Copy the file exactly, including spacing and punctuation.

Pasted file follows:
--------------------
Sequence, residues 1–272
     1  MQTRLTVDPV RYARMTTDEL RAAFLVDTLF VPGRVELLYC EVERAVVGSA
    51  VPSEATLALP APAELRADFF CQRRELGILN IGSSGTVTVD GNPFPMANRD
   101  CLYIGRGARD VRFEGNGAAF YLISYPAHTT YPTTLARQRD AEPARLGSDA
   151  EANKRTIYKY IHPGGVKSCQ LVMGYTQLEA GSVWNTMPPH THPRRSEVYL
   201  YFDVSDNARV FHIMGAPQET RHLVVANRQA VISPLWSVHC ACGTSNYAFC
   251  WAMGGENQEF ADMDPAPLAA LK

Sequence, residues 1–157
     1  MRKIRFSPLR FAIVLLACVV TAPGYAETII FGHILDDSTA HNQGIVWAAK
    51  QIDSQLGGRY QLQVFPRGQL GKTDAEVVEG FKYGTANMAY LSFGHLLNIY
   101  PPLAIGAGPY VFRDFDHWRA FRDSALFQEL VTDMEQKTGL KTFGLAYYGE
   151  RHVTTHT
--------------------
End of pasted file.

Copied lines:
Sequence, residues 1–272
     1  MQTRLTVDPV RYARMTTDEL RAAFLVDTLF VPGRVELLYC EVERAVVGSA
    51  VPSEATLALP APAELRADFF CQRRELGILN IGSSGTVTVD GNPFPMANRD
   101  CLYIGRGARD VRFEGNGAAF YLISYPAHTT YPTTLARQRD AEPARLGSDA
   151  EANKRTIYKY IHPGGVKSCQ LVMGYTQLEA GSVWNTMPPH THPRRSEVYL
   201  YFDVSDNARV FHIMGAPQET RHLVVANRQA VISPLWSVHC ACGTSNYAFC
   251  WAMGGENQEF ADMDPAPLAA LK

Sequence, residues 1–157
     1  MRKIRFSPLR FAIVLLACVV TAPGYAETII FGHILDDSTA HNQGIVWAAK
    51  QIDSQLGGRY QLQVFPRGQL GKTDAEVVEG FKYGTANMAY LSFGHLLNIY
   101  PPLAIGAGPY VFRDFDHWRA FRDSALFQEL VTDMEQKTGL KTFGLAYYGE
   151  RHVTTHT